Review of Boy Meets World

Boy Meets World ran successfully on ABC for seven seasons, following the teenage childhood and young adulthood of Cory Matthews, Shawn Hunter, and Topanga Lawrence. The show proved that the storylines could evolve and age with the characters as Boy Meets World transitioned from a story about middle schoolers to more adult storylines as the main characters reached their mid and late teens. While the themes of the show are based on Mr. Feeny, who connects the story with the main characters, remains the same, Boy Meets World is no longer the same show in its last season as at the beginning. But did the audience determine whether this was a good or a bad thing? Rotten Tomatoes’ audience score shows how viewers felt about how the series handled growing up.

Boy Meets World made a number of adjustments over the course of the show, from Eric’s drastic personality change to suit a more comical tone of the show, to Cory’s proclivity for a more chaotic young man than the anxious teenager he had been. Shawn’s character was struck by family problems, poverty and constant relationship problems. Over time, new characters helped to round out and expand the growing cast.

Season 3 – 86%

Although the seeds for Cory and Topanga’s growing romance were already put on the show in the first season, things are really taking off this year. The beginnings of Topanga and Cory’s romance begin here, in a season that highlights the beginning of growing up. Season three understands that everyone is growing up and starting to figure things out. While they are not quite there yet, the third season takes its time to prepare a slightly older foundation for what is to come.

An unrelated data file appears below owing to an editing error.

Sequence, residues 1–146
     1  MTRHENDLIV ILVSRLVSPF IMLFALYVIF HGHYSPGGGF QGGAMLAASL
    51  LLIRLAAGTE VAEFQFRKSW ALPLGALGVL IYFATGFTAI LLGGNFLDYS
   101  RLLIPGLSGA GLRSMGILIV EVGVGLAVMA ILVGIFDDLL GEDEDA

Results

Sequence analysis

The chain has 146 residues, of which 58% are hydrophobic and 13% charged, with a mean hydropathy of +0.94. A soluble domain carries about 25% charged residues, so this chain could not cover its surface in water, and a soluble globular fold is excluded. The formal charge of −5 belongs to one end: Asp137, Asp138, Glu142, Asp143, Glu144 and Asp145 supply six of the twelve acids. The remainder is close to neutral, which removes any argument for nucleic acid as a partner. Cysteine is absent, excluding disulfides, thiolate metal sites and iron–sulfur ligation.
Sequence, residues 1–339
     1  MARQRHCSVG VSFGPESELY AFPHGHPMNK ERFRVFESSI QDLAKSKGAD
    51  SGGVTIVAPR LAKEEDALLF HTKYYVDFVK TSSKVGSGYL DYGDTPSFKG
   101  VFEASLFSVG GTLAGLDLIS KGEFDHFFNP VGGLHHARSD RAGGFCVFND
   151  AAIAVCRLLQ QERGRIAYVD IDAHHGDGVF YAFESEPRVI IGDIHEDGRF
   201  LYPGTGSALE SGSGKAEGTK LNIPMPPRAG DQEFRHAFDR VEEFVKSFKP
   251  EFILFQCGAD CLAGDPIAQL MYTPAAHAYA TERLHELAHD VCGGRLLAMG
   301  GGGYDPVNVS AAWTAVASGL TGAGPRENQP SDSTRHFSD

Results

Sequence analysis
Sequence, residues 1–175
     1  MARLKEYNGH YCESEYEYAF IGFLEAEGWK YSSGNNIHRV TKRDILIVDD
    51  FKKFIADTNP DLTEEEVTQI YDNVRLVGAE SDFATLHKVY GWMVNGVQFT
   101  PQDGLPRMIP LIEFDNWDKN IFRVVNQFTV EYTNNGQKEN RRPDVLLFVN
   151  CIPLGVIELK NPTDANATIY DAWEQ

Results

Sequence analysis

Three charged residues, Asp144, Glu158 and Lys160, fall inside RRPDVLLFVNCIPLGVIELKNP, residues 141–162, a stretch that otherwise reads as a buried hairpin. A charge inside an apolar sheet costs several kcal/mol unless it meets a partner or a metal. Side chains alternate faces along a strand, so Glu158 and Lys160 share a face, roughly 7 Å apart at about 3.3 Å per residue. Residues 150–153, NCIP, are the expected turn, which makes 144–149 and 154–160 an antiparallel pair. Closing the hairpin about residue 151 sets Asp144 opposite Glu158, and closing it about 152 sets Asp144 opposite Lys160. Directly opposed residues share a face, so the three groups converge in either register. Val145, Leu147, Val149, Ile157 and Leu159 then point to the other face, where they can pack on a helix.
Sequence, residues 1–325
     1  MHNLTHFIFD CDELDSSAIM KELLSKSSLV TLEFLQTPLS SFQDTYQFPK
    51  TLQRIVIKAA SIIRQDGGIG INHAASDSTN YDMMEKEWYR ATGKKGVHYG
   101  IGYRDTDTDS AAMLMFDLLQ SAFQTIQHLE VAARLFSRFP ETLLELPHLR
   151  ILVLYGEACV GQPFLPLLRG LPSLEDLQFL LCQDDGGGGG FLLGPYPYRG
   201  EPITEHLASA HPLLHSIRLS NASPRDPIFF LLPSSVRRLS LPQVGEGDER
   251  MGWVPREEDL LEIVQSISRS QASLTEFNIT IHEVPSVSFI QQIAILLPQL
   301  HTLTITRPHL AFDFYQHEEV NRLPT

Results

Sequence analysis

Season 2 – 87%

Starting high school is a big step for Cory and Shawn, but it’s also the beginning of a slightly different take on the show and some of its characters. Mr. Feeny is promoted to high school along with his students and sets the bar for Mr. Feeny to be their teacher and headmaster every year of the show. Topanga’s return portrays a still intelligent student, but without the hippie elements that she had portrayed in the first season. Although Stuart Minkus has disappeared, the show offers space to examine Topanga’s growth in more detail

Seasons 1 – 89%

The first season offers a more youthful approach to the show, as it focuses on Cory and Shawn finding their way in the world, while the series itself strives to gain a foothold. Cory and Shawn have more than one other friend who never shows up again. Topanga is portrayed as a hippie, which allows her to feel different from the obnoxious genius of the class, Stuart Minkus. Mr. Feeny’s dual role as a teacher and Cory’s neighbor offers a more complicated view of their relationship. The first season spends a lot of time on the setup, and while a lot of it pays off, other parts are pushed aside as the series finds a consistent way forward.

Dominic D. Bowman

Dominic D. Bowman

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